Noses trained on Cedar Grove

MARYSVILLE — Jo Newland is welcoming the chance to put her nose where her mouth is.

Newland, 60, has been voicing her displeasure for several years with the bad smell that’s been permeating her north Everett neighborhood.

Now the Puget Sound Clean Air Agency plans to assemble 20 people to volunteer their senses of smell for a study to find the source of the stench, and Newland has applied.

Inspectors for the Clean Air Agency have several times traced the smell to Cedar Grove Composting on Smith Island. The company has been fined several times for odor violations at the Everett plant and its other plant in Maple Valley in King County.

Some who have endured the smell, including many who live in Marysville, want more enforcement action taken against Cedar Grove. Before that can happen, though, the Clean Air Agency, which has authority over non-industrial odor complaints in four counties, says it needs more evidence.

“You’ve got the body, you know who killed them, but you have to do the CSI stuff,” Newland said.

That’s why the Clean Air Agency hired Odotech, a company based in Montreal, to conduct the $375,000 study. Cedar Grove Composting is putting up $200,000, with fines paid by the company for odor violations, totalling $119,000, to be applied toward that amount.

The city of Seattle and King County, which both send yard and food waste to Cedar Grove for composting, are putting up $100,000 and $50,000, respectively. The Clean Air Agency is spending $25,000.

Cedar Grove supports the study and a spokesman said the company will take whatever action is called for as a result of the findings. The company has taken some measures already, including further enclosing the building where it receives yard and food waste, but many residents say it hasn’t helped.

Odotech’s chief executive officer, Thierry Page, discussed the study with about 30 people at the Marysville Boys &Girls Club on Wednesday.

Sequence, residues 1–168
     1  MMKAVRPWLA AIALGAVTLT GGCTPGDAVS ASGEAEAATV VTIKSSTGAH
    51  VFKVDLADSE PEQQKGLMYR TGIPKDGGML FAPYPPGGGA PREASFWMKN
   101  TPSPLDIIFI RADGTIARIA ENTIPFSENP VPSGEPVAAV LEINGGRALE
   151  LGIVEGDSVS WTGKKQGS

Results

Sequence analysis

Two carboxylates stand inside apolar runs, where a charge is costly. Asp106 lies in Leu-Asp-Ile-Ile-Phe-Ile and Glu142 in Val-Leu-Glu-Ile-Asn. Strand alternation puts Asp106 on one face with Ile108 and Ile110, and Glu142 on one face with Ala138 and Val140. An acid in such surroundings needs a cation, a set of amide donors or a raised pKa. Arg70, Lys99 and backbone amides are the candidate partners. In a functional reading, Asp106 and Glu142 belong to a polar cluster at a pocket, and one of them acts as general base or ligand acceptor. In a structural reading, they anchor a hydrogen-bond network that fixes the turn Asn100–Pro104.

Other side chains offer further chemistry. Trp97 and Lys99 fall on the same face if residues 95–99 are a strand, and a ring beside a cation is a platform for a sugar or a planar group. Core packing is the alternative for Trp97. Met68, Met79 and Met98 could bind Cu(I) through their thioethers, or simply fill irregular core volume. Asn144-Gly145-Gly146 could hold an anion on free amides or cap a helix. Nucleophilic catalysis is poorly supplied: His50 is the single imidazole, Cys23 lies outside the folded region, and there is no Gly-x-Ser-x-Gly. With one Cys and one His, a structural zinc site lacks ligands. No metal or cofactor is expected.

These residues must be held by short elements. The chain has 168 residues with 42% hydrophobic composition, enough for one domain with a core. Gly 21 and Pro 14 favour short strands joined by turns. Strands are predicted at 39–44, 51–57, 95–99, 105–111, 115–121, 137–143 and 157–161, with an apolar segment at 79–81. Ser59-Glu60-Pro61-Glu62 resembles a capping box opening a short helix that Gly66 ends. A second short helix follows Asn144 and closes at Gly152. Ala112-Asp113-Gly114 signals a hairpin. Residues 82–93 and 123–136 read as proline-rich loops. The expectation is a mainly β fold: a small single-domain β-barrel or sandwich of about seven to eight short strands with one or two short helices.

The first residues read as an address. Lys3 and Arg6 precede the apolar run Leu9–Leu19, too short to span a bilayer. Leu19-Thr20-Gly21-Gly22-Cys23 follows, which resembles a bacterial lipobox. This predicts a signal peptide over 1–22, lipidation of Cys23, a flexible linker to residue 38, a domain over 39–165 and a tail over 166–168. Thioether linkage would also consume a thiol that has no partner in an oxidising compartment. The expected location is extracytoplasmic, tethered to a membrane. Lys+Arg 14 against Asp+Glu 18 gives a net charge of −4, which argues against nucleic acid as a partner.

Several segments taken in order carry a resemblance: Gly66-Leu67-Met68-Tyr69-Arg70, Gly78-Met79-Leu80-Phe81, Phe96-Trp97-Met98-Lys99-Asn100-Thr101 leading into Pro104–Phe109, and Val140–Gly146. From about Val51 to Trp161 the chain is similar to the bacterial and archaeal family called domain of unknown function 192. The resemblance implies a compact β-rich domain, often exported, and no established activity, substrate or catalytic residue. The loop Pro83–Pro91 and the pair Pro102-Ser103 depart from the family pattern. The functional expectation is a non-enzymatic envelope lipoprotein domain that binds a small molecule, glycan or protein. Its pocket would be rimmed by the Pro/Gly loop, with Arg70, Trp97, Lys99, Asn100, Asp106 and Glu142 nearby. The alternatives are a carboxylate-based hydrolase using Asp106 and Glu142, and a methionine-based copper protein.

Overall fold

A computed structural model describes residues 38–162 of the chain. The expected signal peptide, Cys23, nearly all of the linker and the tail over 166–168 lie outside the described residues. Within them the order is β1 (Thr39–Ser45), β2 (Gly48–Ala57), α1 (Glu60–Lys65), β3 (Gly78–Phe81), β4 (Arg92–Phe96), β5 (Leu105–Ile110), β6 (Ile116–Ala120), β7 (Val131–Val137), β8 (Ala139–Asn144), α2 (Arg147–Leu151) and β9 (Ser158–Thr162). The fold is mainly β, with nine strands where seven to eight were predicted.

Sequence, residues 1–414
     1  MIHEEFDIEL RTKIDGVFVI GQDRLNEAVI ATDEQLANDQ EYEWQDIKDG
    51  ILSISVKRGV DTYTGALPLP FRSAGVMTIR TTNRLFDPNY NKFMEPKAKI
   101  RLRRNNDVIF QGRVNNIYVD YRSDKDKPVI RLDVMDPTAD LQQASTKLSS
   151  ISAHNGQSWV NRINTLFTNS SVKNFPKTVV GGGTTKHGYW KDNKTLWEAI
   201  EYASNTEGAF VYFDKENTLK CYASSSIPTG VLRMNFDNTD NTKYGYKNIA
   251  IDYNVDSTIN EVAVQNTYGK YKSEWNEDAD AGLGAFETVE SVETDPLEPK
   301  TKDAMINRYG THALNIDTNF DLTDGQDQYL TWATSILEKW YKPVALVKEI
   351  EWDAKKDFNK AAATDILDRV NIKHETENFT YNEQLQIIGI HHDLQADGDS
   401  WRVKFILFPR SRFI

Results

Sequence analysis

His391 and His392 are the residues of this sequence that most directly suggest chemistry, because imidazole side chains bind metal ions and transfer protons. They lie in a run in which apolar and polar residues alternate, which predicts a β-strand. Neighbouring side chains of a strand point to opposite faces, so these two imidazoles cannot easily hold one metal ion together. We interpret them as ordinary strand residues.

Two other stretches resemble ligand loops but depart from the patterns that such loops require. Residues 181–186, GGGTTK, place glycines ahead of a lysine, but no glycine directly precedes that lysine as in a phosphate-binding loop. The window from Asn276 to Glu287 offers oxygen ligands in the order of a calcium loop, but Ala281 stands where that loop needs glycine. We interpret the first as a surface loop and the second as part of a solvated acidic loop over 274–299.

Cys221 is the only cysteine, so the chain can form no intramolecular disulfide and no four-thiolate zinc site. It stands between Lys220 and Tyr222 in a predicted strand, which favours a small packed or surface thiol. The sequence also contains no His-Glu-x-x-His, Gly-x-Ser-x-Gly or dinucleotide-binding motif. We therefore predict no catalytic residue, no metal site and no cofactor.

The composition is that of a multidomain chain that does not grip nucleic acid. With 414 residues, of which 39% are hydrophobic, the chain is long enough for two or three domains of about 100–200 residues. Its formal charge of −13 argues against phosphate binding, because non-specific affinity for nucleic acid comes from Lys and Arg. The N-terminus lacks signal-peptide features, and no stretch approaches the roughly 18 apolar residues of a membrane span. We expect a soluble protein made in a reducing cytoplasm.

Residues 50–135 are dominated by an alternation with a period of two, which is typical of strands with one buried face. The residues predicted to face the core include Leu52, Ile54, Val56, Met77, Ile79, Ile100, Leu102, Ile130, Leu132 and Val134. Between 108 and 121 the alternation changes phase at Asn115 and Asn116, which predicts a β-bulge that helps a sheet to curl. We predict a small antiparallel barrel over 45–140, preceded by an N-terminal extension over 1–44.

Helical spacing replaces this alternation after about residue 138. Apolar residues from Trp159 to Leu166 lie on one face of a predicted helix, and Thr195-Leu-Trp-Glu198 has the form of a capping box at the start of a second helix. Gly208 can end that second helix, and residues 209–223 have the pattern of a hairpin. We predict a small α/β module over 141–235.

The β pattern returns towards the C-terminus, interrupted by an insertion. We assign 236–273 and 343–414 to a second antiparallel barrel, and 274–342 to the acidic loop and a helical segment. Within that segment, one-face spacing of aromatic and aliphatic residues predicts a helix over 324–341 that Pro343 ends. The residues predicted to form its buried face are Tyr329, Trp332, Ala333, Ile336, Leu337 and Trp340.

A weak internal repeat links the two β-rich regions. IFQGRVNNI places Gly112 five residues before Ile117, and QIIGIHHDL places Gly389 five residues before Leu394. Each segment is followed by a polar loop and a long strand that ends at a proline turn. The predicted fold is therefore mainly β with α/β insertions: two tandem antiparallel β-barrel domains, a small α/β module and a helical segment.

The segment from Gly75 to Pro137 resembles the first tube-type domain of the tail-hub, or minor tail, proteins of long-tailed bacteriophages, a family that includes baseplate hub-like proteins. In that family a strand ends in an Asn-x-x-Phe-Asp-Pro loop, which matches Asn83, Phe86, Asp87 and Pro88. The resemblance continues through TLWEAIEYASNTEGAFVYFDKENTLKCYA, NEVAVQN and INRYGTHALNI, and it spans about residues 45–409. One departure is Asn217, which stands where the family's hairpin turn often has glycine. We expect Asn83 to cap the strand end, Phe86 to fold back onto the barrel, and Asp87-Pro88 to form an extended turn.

The company will enlist 20 people to record their impressions about smells over the course of a year beginning in October.

In addition, six electronic odor detectors, called “e-noses,” will be placed near suspected sources of odors in the Snohomish River delta, including Cedar Grove. Other possible locations include sewage treatment plants operated by Marysville, Everett and Lake Stevens, and the former Tulalip landfill, which closed in 1979.

Data from Odotech e-noses already purchased by Cedar Grove and currently in use on the company’s property will be figured in to the calculations as well. Two weather stations will be set up at strategic locations to record wind direction.

The information from all the sources will be combined into a computer model that will show odor plumes on screen, potentially updated every four minutes, with the images available to the public on the Clean Air Agency’s website. The plumes will not show the type of odor, because in some cases they’ll be mixed in and hard to separate, but will show the intensity, Page said.

Update meetings will be held every three months and the study’s ultimate findings will be released in November 2013.

The Clean Air Agency is currently accepting applications from prospective volunteers. Participants must be 18 or older, be able to attend meetings and expecting to stay in their current homes for the next year.

Odotech and the agency will try to choose residents whose homes are spread evenly around Marysville, Tulalip and north Everett neighborhoods from which odor complaints have been received.

Anyone who fills out an application will be invited to a training-and-screening session Sept. 25 or 26, likely in Marysville.

Part of that session will include a smell test. Samples of suspect odors — including compost and sewage — will be on hand for participants to sniff.

“We are looking for people with normal senses of smell who are representative of the average population,” Page said.

Once the study begins, the work will be simple and won’t take long, he said.

“It’s easy, it’s quick to do,” he said.

Odotech has 600 clients in 22 nations, most of them government agencies or industrial companies, according to a presentation at the meeting.

The company, founded in 1998, has done 12 other odor studies similar to this one, Page said. In many cases there was a prime target of complaints, as in this case with Cedar Grove. These included a rendering plant, an incinerator, a landfill, a wastewater treatment plant and a composting operation.

In most of those cases, the study resulted in action being taken to lessen the smell, he said.

“On each project, we found there was a surprise for everyone, for the plant operator and also for the public,” Page said. “Everyone is learning new things.”

Bill Sheets: 425-339-3439; sheets@heraldnet.com.

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